The state of your jawbone can determine the type of dental implant that your dentist may recommend to restore your lost tooth. Here is a bit of information about dental implants and why certain types of these devices may be more suitable based on the patient's jawbone.
How Are Dental Implants Positioned in the Bone?
During a relatively simple surgical procedure, a dentist inserts an implant into the bone through an incision in the gums. The wound from the implant's placement requires a few months to heal, but once the healing is complete, the dental implant has fused with the bone tissue.
When Is a Traditional Dental Implant Used?
A traditional dental implant can be applied when the patient's jawbone is healthy and thick. The bone must be able to support the length and diameter of the inserted device. For some dental patients, their jawbone has already atrophied. The shrinkage often occurs when a lost tooth is not expediently replaced. With no tooth in place to relay stimulating bite force to the jawbone, fewer bone cells are produced, and the jawbone's girth declines.
If the jawbone's thickness is insufficient for the insertion of a traditional implant, the dentist may offer a bone graft. The grafting procedure includes the addition of harvested bone to the jawbone. The addition of the graft incites the production of new jawbone cells.
When Is a Miniature Dental Implant Used?
If a bone graft is not desired or recommended, the dentist may offer the patient the option of using a miniature dental implant. The mini implant is thinner and shorter than a traditional implant. Thus, it can be applied to a thinner jawbone.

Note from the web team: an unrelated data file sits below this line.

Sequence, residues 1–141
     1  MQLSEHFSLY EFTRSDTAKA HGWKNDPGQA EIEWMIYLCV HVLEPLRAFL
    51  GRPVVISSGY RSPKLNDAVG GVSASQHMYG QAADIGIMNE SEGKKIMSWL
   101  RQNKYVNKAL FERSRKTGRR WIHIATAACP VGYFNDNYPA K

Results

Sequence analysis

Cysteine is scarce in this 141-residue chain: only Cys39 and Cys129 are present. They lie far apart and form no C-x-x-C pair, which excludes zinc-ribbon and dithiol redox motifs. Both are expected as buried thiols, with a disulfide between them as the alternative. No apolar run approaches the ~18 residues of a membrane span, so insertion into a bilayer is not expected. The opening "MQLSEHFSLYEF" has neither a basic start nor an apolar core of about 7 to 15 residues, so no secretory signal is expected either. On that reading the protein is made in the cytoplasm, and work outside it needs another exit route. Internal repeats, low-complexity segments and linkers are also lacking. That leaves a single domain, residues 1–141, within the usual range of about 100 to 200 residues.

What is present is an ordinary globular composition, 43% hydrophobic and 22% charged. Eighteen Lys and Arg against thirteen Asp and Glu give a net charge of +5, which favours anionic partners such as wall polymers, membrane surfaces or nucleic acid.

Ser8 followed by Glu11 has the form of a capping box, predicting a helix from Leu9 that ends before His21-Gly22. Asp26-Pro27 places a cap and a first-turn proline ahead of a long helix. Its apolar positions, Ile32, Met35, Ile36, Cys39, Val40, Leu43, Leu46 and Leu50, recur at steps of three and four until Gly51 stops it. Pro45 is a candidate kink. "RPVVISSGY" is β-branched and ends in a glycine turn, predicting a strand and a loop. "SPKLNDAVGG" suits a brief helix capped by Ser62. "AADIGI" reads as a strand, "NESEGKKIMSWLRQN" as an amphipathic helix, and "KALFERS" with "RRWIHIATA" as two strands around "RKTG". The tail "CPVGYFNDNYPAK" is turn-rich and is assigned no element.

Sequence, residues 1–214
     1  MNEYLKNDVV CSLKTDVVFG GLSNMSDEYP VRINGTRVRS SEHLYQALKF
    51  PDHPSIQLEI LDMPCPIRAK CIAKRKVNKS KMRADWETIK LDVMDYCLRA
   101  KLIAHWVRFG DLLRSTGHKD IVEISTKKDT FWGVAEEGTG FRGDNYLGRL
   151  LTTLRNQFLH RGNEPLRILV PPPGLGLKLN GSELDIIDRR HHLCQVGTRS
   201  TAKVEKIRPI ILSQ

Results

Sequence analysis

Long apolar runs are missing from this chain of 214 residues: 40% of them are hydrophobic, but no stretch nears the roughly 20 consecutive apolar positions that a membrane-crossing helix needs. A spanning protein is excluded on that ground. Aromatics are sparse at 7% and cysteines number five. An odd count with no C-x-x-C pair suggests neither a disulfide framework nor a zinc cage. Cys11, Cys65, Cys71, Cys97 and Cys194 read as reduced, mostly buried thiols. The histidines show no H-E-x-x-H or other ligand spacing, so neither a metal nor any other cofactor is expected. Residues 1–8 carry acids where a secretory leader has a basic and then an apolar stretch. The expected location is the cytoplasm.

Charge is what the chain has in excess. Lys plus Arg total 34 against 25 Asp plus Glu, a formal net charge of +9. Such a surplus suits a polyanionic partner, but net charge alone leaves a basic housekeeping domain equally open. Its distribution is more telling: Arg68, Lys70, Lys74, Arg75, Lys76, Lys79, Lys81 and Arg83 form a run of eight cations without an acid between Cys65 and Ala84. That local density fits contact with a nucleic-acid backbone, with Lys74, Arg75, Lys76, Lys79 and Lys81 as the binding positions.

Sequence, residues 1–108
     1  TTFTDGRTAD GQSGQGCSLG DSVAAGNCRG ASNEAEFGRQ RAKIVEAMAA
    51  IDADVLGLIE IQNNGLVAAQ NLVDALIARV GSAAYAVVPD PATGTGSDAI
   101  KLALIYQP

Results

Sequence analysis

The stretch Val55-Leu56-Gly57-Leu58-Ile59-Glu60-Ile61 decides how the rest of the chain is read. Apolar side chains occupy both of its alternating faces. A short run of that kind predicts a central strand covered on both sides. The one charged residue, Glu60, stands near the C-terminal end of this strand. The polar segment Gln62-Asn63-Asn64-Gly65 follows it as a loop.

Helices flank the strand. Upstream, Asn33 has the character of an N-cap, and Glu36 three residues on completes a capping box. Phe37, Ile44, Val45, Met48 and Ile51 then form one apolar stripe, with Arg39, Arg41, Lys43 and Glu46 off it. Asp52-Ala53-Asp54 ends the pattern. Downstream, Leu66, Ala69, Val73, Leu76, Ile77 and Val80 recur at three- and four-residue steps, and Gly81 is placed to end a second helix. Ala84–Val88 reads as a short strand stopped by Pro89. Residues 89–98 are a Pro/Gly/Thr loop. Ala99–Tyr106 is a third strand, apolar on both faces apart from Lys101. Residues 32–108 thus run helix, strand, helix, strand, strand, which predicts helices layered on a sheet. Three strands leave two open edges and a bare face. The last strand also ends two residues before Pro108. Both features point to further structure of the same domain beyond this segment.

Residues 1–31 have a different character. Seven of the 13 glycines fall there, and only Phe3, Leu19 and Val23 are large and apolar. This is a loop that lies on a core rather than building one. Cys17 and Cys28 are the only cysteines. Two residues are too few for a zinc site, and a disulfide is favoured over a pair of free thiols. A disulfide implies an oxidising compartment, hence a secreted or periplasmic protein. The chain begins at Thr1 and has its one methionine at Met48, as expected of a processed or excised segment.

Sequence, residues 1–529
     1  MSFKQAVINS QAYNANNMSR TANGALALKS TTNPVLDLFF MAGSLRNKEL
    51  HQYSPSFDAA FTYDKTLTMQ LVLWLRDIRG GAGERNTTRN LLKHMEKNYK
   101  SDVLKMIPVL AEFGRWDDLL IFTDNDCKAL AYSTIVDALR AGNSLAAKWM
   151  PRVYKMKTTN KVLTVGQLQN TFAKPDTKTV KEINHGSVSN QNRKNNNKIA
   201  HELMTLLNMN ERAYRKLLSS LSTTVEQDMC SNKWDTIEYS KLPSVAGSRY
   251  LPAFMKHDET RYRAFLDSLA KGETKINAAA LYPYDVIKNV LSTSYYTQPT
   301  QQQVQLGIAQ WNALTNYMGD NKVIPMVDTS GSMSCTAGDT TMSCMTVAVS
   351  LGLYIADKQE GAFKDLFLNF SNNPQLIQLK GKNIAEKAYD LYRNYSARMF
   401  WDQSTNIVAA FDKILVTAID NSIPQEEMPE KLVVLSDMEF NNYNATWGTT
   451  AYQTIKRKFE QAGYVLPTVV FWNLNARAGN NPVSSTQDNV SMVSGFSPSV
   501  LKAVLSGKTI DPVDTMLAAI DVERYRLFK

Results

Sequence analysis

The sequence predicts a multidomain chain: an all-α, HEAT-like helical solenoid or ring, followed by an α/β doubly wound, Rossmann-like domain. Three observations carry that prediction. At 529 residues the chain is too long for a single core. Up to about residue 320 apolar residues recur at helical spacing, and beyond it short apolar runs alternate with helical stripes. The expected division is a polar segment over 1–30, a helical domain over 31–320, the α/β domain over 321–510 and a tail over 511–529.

When Is a Zygomatic Dental Implant Used?
If the jawbone's density is insufficient to secure a traditional implant, the dentist may choose to bypass the jawbone and secure the implant in the bone of the cheek. A zygomatic implant is placed in the zygoma bone, which is commonly called the cheekbone.
Because the reach of an implant that is secured in the cheekbone must extend further, the zygomatic implant is quite a bit longer than its traditional counterpart. Still, even though it rests in a different bone, a zygomatic implant still undergoes osseointegration, which is the healing process that results in the implant's fusion with the bone tissue.
To learn more about your jawbone's health and how it affects your dental implant choices, schedule a consultation with a dentist in your local area.